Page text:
SEATTLE -- A judge upheld Seattle's so-called gun violence tax Tuesday, rejecting a challenge from the National Rifle Association and other gun rights groups.
King County Superior Court Judge Palmer Robinson dismissed arguments that Seattle's tax, adopted last summer, exceeded the city's authority under state law.
The measure -- one of only a few of its kind in the nation -- adds $25 to the price of each firearm sold in the city, plus 2 or 5 cents per round of ammunition, depending on the type.
CBS affiliate KIRO reported the City Budget Office estimates the tax will raise between $300,000 and $500,000 a year to be used for gun violence research and prevention programs when it takes effect in January.
"The NRA and its allies always oppose these common sense steps to shine light on the gun violence epidemic," said City Council President Tim Burgess, who sponsored the law. "Judge Robinson saw through the NRA's distorted efforts to put gun industry profits ahead of public safety."
The NRA did not immediately respond to a call seeking comment, but another plaintiff, the Bellevue-based Second Amendment Foundation, promised an immediate appeal. The groups have argued state law puts responsibility for regulating firearms solely in the hands of the Legislature, not local governments.
"It is unconscionable for Mayor Ed Murray and the City Council to codify what amounts to social bigotry against firearms retailers and their customers," Second Amendment Foundation founder Alan Gottlieb said in a written statement.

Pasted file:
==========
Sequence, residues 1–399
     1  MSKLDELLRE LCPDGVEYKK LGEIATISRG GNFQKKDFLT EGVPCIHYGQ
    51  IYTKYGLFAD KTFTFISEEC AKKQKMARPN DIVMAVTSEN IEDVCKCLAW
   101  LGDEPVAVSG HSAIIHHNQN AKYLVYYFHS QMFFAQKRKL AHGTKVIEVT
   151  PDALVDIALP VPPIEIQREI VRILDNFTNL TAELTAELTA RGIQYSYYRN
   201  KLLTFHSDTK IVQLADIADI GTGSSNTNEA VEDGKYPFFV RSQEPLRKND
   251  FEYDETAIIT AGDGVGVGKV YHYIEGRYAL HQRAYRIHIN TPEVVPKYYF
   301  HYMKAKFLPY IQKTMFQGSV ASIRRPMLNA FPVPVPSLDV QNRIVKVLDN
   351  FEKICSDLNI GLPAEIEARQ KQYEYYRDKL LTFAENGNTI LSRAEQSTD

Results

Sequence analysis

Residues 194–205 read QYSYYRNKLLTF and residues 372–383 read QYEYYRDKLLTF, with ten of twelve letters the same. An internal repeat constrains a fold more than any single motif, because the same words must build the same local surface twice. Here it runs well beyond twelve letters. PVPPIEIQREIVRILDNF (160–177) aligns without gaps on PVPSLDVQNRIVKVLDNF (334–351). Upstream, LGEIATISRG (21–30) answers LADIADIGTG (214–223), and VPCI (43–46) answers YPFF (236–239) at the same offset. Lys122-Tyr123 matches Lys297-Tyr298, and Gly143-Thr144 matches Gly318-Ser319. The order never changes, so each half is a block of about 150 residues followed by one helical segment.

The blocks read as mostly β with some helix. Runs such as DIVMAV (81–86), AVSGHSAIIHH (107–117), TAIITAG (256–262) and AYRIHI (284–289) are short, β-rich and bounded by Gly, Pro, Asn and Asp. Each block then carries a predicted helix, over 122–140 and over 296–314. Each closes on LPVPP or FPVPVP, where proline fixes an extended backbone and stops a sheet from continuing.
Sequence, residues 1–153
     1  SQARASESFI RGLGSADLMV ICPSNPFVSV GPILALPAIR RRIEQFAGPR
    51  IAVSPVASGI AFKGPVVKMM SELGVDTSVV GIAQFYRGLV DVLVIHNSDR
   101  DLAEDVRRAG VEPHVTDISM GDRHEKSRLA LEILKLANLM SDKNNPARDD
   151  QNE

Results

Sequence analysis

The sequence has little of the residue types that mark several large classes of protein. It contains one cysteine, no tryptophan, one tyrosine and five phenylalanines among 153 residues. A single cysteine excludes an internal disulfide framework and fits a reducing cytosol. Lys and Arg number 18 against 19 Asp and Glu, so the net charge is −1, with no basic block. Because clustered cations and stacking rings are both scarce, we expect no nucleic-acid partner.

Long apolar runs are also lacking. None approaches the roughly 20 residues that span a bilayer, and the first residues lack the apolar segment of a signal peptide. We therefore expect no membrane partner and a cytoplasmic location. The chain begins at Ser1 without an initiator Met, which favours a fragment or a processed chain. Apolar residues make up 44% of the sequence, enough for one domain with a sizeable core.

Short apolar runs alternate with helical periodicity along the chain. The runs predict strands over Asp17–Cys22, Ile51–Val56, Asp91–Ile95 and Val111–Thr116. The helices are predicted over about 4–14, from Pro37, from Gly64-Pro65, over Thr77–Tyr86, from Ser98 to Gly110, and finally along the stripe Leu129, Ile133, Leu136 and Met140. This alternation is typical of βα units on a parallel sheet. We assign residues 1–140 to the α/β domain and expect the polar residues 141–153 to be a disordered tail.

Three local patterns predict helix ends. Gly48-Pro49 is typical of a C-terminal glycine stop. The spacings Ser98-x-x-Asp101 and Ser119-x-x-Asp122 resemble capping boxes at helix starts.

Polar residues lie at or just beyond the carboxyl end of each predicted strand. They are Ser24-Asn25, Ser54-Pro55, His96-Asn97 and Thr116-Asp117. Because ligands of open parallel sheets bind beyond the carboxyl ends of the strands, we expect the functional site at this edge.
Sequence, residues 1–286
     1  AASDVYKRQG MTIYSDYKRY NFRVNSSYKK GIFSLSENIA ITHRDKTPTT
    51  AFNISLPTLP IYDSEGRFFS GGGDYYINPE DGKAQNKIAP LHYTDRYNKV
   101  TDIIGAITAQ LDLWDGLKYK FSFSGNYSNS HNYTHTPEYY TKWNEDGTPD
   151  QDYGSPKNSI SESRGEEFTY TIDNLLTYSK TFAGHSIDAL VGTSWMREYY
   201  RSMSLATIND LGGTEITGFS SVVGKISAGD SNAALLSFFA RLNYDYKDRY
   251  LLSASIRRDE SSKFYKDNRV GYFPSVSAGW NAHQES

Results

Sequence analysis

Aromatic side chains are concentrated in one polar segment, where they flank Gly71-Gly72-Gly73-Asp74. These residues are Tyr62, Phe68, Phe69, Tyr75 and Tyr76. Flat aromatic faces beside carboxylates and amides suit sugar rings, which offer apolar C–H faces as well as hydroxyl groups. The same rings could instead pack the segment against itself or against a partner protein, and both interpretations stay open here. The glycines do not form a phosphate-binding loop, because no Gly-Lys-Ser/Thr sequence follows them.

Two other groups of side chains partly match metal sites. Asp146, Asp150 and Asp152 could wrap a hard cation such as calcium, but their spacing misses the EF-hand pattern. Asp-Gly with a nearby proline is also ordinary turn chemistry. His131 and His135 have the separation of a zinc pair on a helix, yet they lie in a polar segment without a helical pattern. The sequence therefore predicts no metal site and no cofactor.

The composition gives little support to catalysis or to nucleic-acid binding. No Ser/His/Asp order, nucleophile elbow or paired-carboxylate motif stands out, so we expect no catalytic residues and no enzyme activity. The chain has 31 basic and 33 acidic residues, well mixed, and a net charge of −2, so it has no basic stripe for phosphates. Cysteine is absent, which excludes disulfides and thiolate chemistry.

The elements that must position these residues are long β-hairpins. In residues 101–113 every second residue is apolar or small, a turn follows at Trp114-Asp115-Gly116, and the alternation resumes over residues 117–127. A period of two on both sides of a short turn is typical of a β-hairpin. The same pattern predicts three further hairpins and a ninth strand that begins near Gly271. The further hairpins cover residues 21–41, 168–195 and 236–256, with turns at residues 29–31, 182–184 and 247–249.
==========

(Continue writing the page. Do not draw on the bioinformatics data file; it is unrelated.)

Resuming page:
But the judge found the measure falls within the city's taxing authority and is not an impermissible regulation.
The City Council modeled the tax after a similar one in Cook County, Illinois, which includes Chicago; the NRA has said Chicago is the only other city with such a measure. The revenue would be used for gun safety research and gun violence prevention programs.
Between 2006 and 2010, there were on average 131 firearms deaths a year in King County, according to Public Health-Seattle and King County. An additional 536 people required hospitalization for shooting injuries during that time.
Officials say the direct medical costs of treating 253 gunshot victims at Harborview Medical Center in 2014 totaled more than $17 million. Taxpayers paid more than $12 million of that.
Gun shop owners claimed the city inflated its estimate of how much money the tax would raise. They said the law would cost them customers and sales and could force them to move out of the city.
"Guns now kill more people in the United States than automobiles," Seattle mayor Ed Murray said. "Our community will not stand by as so many in our city, particularly young people of color, continue to pay the highest price for inaction on gun violence at the national and state level."